The Washington Post has been doing some very good work of late. Some of their reporters have been on their game (ie: Dylan Mathews) and Erik Wemple is certainly part of that group. In late November, he researched the big money making, very Beltway elitist Mike Allen's daily e-mail newsletter called "Playbook" and he made a shocking discovery.
One of the hottest issues in journalism today is “native” advertising, the tricks that publishers deploy to elide the domains of journalism and advertising. BuzzFeed has sustained gray-bearded criticism for its boundary-defying listicles. The Atlantic earlier this year ran a native ad from the Church of Scientology that inflamed its audience and prompted an apology and a review of Atlantic procedures for approving ads.Forbes, The Washington Post and the Huffington Post are also experimenting with this approach to funding journalism.
It’s about time that Politico’s Allen got his due as a native-advertising pioneer. A review of “Playbook” archives shows that the special interests that pay for slots in the newsletter get adoring coverage elsewhere in the playing field of “Playbook.” The pattern is a bit difficult to suss out if you glance at “Playbook” each day for a shot of news and gossip. When searching for references to advertisers in “Playbook,” however, it is unmistakable. And its practitioner is expanding the franchise. Today, Allen disclosed in “Playbook” that he’ll be collaborating in the production of “Capital Playbook,” a newsletter stemming from Capital New York, the news site that Politico acquired earlier this year.
Mike Allen refused to comment on this post after repeated tries by Wemple. Silence isn't always golden and Allen took a lot of heat over this. Now Erik has found another very dodgy practice from the man who claims to be a journalist.
In January 2013, Allen came up with a Fox News-oriented “EXCLUSIVE,” reporting that Karl Rove had signed a contract to stay with the No. 1 cable news network through 2016. The piece noted that the deal “assures the ratings-leader cable news network that it will retain one of its most popular commentators, and someone whose views continually make news, especially in the heat of a campaign.” It pulled from Rove’s official bio and commended him for “the handheld whiteboard that he uses when discussing electoral math during presidential races.” It omitted the part about how Rove embarrassed Fox News on election night 2012, when he petulantly disputed the network’s decision to call the race for Obama. Eh, old news.
However, when that news was fresh — in the three days after election night — Allen didn’t mention it in “Playbook.”
More from this one-way street, all from 2013: Allen touted this “EXCLUSIVE”: “Fox News Chairman Roger Ailes to receive 2013 Bradley Prize.” Wonder who tipped him off? He aired a Fox News counterpoint to an allegation in a book by journalist Jonathan Alter that Ailes meddled in real time with a Fox News segment. Hepromoted a partnership between Bing.com and Fox News. He quoted extensivelyfrom a Harper’s Bazaar puff piece on Fox News anchor Megyn Kelly. He picked up a New Republic piece on Ailes touting his plans to appeal to Latinos. And more.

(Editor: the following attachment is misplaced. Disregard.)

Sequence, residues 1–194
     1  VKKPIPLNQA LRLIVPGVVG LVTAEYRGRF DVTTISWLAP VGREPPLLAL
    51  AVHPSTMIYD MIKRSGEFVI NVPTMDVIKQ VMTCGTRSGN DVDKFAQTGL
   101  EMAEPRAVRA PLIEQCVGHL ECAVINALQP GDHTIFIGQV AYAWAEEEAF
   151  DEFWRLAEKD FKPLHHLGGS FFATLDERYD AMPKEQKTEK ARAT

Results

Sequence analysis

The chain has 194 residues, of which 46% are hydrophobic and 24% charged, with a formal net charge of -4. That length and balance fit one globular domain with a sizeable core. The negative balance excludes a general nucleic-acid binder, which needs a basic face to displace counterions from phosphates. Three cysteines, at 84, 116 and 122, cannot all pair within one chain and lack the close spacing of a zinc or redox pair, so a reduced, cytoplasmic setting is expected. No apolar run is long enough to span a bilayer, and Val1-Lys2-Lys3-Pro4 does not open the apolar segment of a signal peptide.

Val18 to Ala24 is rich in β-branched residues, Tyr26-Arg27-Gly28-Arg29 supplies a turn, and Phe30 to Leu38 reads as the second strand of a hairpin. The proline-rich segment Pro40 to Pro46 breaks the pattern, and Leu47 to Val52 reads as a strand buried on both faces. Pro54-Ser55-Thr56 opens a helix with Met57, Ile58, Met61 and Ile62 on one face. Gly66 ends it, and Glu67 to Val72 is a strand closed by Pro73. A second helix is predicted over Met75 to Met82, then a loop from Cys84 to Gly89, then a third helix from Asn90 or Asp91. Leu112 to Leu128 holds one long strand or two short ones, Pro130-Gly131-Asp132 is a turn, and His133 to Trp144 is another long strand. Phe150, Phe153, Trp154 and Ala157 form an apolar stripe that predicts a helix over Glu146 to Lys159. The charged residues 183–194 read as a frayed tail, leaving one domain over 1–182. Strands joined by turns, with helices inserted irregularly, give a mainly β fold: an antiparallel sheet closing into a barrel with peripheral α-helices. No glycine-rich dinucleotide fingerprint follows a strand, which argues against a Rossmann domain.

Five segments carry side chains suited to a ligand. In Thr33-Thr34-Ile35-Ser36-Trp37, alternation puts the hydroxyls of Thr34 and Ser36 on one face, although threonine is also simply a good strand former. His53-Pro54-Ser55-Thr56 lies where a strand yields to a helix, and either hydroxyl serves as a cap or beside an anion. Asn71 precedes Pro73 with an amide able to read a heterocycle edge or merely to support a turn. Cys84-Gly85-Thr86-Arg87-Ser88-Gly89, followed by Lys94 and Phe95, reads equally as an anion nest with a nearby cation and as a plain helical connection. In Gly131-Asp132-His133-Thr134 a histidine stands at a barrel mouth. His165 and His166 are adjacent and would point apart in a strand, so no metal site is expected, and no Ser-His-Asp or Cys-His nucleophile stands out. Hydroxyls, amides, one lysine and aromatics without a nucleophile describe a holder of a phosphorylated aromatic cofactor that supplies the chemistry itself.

Please read the whole piece to behold the utter hackery of it all. Are you wondering where Politico's bigwigs have been in all of this? After the first few weeks of silence, they started to respond by calling Wemple's charges nonsense. And now they've just called a big powwow with the Washington Post.
Dec. 3, 2013: In an appearance on WNYC, Politico CEO Jim VandeHei calls Wemple’s story “nonsense.”
Dec. 20, 2013: Wemple writes “Politico’s Mike Allen avoids addressing questions about advertisers,” noting that Allen wouldn’t answer e-mails or requests for comment.
So we caught up with Allen following Thursday’s “Playbook” breakfast at the Newseum. When asked how he felt about the piece, Allen said, “I’m hustling out of here” to catch a flight. As he made his way toward the building’s elevators, we pressed for just a short comment. Allen repeated his need to get to that flight, and then he was gone.
Jan. 14 HuffPost’s Michael Calderone writes about the upcoming meeting between the Post and Politico, with a response from Allen about the whole thing.
“Erik’s posts about Playbook are false and insulting,” Allen wrote. “I haven’t responded because his obsessive, anti-Playbook agenda has been obvious for some time.“I have based my career on honesty and trust,” Allen continued. “Over the past seven years, there have been more than 8 million words of Playbooks, including hundreds of announcements from every group under the sun. You could cherry-pick items to make any case you wanted: that I’m a conservative hack, or a liberal tool, or a bad writer or a good guy. I write Playbook 365 days a year because I enjoy it, and greatly respect the readership it has attracted. I make my decisions based on a single consideration: whether the item would serve the audience.”
In an Tuesday night email to Calderone, Wemple responded: “Good job getting a response from Mike about my story. It’s more than I got through many weeks of effort and even a personal encounter. From this point forward, perhaps I’ll work through you.”
Stay tuned for what appears to be a pretty interesting meeting. I wonder how they will get to the bottom of all this grifting? (h/t Digby for the link on the meeting)